Food is an amazing part of our world. It's full of such a wide variety of flavors and textures, and there is a whole world of food to explore. And there is another world to explore regarding food beyond simply its enjoyment — its ability to help the body cope and heal.
Tea has been linked to a wide variety of health benefits. Today I want to focus on one specific benefit, the possible benefit tea has on controlling blood sugar. Considering that there are more than 25 million people in America who have diabetes, any extra help that certain foods could offer are worth considering.
The Agricultural Research Service (ARS) has been releasing new research on tea. One of the group's chemists found that drinking regularly brewed tea helped increase insulin activity by more than 15 times in laboratory rats. This was found to be true with green, black, and oolong teas, and happened regardless of whether the tea was caffeinated or decaffeinated.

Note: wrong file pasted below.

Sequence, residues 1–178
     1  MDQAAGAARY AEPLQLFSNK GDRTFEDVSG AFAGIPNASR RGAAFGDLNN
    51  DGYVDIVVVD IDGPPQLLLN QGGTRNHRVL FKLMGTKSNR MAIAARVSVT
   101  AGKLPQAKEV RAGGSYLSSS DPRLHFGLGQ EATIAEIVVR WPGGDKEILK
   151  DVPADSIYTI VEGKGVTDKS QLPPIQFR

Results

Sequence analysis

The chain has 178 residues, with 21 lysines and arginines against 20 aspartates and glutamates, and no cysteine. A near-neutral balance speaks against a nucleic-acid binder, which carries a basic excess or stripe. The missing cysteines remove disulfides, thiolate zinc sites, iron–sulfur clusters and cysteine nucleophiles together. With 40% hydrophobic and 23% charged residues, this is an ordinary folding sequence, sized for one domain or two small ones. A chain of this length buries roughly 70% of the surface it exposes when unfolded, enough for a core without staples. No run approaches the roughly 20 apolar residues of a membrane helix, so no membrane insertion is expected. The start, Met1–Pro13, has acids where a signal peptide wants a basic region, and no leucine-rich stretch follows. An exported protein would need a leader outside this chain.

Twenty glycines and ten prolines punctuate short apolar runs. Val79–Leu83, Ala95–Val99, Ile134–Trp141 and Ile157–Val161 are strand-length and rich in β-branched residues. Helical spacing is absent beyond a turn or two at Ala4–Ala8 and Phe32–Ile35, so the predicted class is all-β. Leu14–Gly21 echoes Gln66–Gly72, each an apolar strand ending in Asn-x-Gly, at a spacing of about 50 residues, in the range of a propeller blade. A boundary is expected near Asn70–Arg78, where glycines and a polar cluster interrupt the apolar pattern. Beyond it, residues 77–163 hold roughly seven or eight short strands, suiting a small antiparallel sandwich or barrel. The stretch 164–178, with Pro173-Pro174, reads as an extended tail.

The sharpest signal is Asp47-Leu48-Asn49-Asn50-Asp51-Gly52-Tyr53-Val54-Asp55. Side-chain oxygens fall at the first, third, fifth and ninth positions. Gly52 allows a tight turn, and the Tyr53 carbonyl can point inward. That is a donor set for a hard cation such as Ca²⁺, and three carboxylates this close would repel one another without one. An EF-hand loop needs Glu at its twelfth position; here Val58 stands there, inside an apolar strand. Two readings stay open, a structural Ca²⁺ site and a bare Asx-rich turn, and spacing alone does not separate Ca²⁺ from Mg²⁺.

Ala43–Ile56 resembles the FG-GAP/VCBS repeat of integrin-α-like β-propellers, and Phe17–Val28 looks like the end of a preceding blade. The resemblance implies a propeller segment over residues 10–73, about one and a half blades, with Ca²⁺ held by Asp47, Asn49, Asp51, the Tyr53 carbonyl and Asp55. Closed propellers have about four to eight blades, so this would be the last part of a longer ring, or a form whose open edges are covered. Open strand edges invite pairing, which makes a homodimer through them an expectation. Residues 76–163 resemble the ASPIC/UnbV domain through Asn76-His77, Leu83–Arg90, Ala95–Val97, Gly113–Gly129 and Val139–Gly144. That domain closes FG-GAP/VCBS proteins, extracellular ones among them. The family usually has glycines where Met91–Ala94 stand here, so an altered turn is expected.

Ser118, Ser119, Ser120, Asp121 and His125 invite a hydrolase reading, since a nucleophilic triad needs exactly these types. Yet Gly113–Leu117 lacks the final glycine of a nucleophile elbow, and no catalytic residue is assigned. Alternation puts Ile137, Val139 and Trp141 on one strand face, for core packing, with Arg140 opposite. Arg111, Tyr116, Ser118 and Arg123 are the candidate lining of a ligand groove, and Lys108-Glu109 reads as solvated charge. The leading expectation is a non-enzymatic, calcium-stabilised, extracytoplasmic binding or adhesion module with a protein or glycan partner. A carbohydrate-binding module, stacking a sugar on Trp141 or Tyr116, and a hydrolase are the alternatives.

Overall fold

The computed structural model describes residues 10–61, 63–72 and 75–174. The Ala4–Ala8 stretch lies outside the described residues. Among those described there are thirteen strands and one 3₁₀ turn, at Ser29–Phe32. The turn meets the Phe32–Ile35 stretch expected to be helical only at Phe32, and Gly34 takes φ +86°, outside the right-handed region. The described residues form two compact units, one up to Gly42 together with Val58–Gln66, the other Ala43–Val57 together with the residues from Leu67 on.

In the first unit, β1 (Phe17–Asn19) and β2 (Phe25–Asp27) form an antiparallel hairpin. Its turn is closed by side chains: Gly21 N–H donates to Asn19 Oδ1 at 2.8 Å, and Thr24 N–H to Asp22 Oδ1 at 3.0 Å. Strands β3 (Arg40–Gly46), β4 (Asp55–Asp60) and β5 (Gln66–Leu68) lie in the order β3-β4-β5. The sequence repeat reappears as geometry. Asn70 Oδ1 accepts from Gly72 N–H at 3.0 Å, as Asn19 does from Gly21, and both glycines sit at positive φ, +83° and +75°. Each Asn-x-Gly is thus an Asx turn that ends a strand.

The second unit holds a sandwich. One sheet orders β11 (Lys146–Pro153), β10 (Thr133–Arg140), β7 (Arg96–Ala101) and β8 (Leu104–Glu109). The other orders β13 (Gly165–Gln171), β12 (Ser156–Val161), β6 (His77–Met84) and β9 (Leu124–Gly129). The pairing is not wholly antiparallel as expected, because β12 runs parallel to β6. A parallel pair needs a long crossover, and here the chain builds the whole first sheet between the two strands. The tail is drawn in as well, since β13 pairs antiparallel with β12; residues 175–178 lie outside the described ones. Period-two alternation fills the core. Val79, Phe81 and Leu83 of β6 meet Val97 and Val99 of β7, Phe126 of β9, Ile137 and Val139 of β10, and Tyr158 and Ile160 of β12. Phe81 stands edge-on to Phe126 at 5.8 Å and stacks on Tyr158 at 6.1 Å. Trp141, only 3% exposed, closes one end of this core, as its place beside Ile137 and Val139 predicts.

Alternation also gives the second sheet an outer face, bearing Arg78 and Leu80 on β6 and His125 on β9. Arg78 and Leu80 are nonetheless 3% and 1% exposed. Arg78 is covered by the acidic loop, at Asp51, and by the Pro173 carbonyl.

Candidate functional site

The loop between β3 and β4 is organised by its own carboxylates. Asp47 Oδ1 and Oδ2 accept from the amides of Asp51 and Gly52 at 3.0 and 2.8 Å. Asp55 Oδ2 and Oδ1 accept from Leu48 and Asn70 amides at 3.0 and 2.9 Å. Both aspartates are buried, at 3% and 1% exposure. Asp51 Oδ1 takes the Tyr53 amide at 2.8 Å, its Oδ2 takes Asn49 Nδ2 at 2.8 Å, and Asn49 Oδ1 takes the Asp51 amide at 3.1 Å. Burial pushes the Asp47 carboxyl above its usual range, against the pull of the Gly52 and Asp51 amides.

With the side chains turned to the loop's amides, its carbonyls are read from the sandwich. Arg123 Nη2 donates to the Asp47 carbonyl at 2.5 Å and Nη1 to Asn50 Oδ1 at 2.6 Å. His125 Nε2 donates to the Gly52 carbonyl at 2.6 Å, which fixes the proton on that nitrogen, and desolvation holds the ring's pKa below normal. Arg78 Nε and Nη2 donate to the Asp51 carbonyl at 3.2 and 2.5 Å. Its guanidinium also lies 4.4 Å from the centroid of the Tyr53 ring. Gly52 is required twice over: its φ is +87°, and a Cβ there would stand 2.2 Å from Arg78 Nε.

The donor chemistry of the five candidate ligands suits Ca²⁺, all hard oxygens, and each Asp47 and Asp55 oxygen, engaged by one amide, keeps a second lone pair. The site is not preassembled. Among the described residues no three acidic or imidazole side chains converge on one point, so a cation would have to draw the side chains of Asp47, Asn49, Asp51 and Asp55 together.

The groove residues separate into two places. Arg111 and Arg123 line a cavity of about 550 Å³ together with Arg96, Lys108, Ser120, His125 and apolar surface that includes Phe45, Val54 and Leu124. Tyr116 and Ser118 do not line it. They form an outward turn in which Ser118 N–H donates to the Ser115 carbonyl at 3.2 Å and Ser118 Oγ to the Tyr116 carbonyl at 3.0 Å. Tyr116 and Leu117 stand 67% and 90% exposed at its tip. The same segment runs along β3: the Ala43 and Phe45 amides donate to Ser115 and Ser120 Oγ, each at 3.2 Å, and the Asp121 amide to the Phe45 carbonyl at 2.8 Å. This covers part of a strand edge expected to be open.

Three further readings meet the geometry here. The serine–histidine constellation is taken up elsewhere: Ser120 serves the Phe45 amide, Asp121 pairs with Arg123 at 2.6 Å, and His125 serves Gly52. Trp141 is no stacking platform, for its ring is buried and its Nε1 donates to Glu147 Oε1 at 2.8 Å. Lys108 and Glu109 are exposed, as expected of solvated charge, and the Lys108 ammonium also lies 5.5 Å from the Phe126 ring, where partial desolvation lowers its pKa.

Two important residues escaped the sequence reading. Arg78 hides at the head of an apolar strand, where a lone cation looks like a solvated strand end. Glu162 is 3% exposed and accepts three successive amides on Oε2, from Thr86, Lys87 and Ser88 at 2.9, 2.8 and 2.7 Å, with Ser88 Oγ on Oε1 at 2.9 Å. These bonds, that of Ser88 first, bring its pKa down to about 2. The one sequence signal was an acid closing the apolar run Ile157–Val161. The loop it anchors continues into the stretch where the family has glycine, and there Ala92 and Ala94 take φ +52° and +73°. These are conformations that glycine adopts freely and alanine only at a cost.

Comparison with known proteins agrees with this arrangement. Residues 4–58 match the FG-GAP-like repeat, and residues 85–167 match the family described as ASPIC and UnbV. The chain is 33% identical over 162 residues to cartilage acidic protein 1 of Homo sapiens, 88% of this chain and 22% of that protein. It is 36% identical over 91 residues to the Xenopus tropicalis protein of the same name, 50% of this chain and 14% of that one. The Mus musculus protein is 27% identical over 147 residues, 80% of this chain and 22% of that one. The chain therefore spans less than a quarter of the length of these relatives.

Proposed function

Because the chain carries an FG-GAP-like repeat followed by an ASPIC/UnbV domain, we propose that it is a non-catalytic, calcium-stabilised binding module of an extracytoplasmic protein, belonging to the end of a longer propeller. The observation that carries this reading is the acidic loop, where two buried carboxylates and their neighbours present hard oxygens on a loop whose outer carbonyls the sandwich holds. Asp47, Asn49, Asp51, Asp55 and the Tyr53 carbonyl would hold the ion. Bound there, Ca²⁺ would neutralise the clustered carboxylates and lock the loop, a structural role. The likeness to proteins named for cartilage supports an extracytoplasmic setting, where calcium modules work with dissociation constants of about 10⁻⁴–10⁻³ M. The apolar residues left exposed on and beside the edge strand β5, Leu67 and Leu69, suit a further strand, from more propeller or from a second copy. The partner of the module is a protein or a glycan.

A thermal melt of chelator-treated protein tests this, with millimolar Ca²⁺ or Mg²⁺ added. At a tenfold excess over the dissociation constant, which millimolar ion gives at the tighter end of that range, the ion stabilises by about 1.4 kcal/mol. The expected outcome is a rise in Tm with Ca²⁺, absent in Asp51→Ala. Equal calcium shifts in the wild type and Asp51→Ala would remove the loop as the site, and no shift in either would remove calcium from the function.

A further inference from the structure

He found that in green and oolong teas, the catechin EGCG was largely responsible for this result. In black tea, the active ingredients were tannins and theaflavins, as well as EGCG.
In a pilot study conducted at Human Nutrition Research Center on Aging’s Lipid Metabolism Laboratory, eight volunteers with type II diabetes drank six cups of tea per day for eight weeks. At the end of the study, their blood sugar levels were lower by 15-20 percent! A longer, 24-week, randomized, double-blind study involving 40 men and women is following up on this study using both green and black teas.
While both of these new studies need further research, there is much to encourage us in the blood sugar-lowering benefits of tea.
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